Widely known as the International Safety Management Code, ISM Code is part of the mandatory regulations in marine industry. The Code’s origins go back to the late ‘80s, when there was increasing concern about poor safety management standards in shipping; specifically, Herald of Free Enterprise disaster hastened the introduction of the ISM Code. In 1994 the code was formally adopted and integrated as a part of the SOLAS Convention, while later in 1998, it became mandatory for oil tankers and bulk carriers, with general cargo ships to follow by 2001.
All ships have to follow this code supported by a Safety Management System (SMS) and the appointment of a ‘designated person ashore’ responsible for every ship’s safe operation.
ISM Code: 5 Amendments Timeline
- 1 July 2002: The ISM Code was initially amended by resolution 104(73), adding definitions and chapter 13 to 16.
- 1 July 2006: The ISM Code was further amended by resolution 179(79), inserting new sections to the forms of the DOC (Document of Compliance) and SMC (Safety Management Certificate).
- 1 January 2009: The ISM Code was amended by resolution 195(80) , adding text to the forms of the full term and interim DOC and the SMC Certificates.
- 1 July 2010: ISM Code Resolution 273(85) entered into force, introducing among others amended definitions, addition of cross references, risk requirements, specific intervals for implementation and SMS review effectiveness criteria.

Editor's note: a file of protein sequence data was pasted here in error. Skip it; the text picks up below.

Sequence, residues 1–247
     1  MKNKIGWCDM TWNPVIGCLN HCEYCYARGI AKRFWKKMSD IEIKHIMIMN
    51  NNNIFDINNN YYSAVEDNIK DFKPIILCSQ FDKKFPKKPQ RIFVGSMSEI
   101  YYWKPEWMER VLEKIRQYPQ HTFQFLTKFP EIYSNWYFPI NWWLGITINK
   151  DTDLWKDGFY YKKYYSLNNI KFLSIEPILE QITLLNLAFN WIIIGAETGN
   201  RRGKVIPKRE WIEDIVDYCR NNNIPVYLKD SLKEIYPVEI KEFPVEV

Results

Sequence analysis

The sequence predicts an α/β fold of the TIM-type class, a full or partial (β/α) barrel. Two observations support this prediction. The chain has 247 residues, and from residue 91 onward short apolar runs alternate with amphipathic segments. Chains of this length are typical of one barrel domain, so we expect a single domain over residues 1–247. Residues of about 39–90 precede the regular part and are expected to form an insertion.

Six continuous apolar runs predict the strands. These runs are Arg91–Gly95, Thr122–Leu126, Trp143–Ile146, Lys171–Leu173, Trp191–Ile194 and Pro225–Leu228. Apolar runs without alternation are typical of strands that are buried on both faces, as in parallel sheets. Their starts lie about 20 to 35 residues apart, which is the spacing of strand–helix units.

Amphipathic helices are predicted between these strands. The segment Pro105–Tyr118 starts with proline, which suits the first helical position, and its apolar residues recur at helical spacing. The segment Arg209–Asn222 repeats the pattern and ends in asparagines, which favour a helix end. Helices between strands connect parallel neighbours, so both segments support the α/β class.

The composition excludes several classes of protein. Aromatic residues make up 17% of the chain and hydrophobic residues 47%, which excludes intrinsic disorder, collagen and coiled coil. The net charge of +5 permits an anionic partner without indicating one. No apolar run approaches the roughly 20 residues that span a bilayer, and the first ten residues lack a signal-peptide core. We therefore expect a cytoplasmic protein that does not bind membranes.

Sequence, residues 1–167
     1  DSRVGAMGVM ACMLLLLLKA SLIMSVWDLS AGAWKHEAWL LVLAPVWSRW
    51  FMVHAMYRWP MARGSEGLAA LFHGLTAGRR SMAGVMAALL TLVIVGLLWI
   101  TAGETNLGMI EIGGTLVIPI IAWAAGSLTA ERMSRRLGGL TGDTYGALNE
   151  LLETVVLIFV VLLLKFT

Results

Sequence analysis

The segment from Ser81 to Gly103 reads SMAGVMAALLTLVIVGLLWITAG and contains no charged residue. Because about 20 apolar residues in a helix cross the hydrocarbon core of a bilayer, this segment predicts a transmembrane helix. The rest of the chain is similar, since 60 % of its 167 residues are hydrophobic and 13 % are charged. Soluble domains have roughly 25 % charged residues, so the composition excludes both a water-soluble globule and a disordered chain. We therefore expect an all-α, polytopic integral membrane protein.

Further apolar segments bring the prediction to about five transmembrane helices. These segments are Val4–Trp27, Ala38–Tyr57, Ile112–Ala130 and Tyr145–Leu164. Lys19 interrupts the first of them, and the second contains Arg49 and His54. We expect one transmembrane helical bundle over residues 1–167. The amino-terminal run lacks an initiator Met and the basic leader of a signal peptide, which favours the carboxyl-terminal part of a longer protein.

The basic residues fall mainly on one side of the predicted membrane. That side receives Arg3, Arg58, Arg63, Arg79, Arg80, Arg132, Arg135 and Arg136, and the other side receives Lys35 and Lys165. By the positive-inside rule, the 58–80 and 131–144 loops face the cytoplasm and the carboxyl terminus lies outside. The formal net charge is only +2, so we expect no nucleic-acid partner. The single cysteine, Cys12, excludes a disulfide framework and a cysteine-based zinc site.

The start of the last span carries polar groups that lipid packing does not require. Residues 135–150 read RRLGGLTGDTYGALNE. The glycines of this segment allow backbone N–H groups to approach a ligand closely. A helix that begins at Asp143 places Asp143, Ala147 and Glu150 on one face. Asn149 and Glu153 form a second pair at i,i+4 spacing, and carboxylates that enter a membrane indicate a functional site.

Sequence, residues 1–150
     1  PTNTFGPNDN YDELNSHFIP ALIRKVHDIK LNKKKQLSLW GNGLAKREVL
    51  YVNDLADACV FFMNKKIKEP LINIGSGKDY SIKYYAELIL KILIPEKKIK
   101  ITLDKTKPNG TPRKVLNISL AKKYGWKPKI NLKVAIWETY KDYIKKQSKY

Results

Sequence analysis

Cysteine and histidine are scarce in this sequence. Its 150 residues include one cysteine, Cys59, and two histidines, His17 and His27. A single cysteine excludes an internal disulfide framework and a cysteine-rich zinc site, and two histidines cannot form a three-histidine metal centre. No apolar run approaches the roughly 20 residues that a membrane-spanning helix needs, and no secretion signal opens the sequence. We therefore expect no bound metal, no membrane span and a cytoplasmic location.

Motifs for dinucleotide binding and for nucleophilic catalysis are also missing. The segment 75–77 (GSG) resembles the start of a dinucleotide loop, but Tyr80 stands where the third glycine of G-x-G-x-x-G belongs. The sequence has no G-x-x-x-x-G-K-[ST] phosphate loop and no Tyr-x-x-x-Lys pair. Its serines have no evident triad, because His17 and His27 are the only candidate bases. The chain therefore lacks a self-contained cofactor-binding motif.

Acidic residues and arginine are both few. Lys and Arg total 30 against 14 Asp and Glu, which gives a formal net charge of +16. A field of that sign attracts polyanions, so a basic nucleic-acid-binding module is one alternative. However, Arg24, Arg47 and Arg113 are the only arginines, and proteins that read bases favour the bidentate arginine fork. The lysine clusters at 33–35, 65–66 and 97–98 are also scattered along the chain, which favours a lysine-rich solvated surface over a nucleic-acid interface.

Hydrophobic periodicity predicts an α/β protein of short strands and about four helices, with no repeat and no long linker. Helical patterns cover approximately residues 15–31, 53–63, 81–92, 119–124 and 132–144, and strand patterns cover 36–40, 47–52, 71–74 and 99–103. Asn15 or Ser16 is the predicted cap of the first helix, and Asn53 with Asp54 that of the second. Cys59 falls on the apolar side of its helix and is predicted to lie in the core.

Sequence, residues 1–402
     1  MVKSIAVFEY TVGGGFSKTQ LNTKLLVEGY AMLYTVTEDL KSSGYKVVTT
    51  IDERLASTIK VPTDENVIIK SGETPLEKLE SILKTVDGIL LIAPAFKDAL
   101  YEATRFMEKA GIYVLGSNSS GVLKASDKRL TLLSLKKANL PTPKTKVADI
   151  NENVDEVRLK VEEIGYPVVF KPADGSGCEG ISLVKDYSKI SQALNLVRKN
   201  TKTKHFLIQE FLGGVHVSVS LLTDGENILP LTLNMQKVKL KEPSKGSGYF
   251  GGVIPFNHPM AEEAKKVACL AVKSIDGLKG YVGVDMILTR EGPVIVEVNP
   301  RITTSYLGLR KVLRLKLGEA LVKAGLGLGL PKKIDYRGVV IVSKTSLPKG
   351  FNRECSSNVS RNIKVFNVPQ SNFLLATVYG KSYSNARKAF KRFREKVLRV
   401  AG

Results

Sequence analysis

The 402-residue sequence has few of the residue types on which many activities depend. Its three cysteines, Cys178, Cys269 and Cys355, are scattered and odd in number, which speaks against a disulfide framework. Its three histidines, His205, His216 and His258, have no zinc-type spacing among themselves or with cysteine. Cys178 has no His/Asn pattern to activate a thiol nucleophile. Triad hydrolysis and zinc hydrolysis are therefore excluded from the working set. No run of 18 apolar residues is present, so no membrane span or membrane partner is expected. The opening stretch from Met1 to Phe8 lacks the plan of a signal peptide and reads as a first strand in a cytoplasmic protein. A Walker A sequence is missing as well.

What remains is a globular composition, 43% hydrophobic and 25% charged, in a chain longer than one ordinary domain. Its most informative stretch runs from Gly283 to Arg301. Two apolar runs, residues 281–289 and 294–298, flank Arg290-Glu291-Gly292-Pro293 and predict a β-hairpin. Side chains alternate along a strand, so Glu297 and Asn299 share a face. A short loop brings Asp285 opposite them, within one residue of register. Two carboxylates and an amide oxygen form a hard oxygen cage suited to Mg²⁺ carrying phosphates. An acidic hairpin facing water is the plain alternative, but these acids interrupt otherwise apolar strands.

- 1 January 2015: The latest amendments by resolution 353(92) entered into force, updating and crosslinking the existing IMO documents
ISM Code requirements
In line with the ISM Code Companies should:
- develop a Safety Management System Manual, audited every year for their DOC (5 years validity)
- ensure all their ships are being audited between the 2nd and 3rd anniversary date of their SMCs (5 years validity)
“Shipping industry has a track record of improving safety based on the ISM Code and the requirement for a SMS. However, we continue to see unnecessary incidents and accidents each year with sometimes tragic and entirely avoidable consequences.”
-Esben Poulsson Chairman, ICS commented at SAFETY4SEA Sea Sense Column
Nowadays, digitalization, transparency, paperwork and information availability may be the challenges for the ISM Code, as they are here to remind us that there will always be incidents that could not have been prevented just by implementing the code.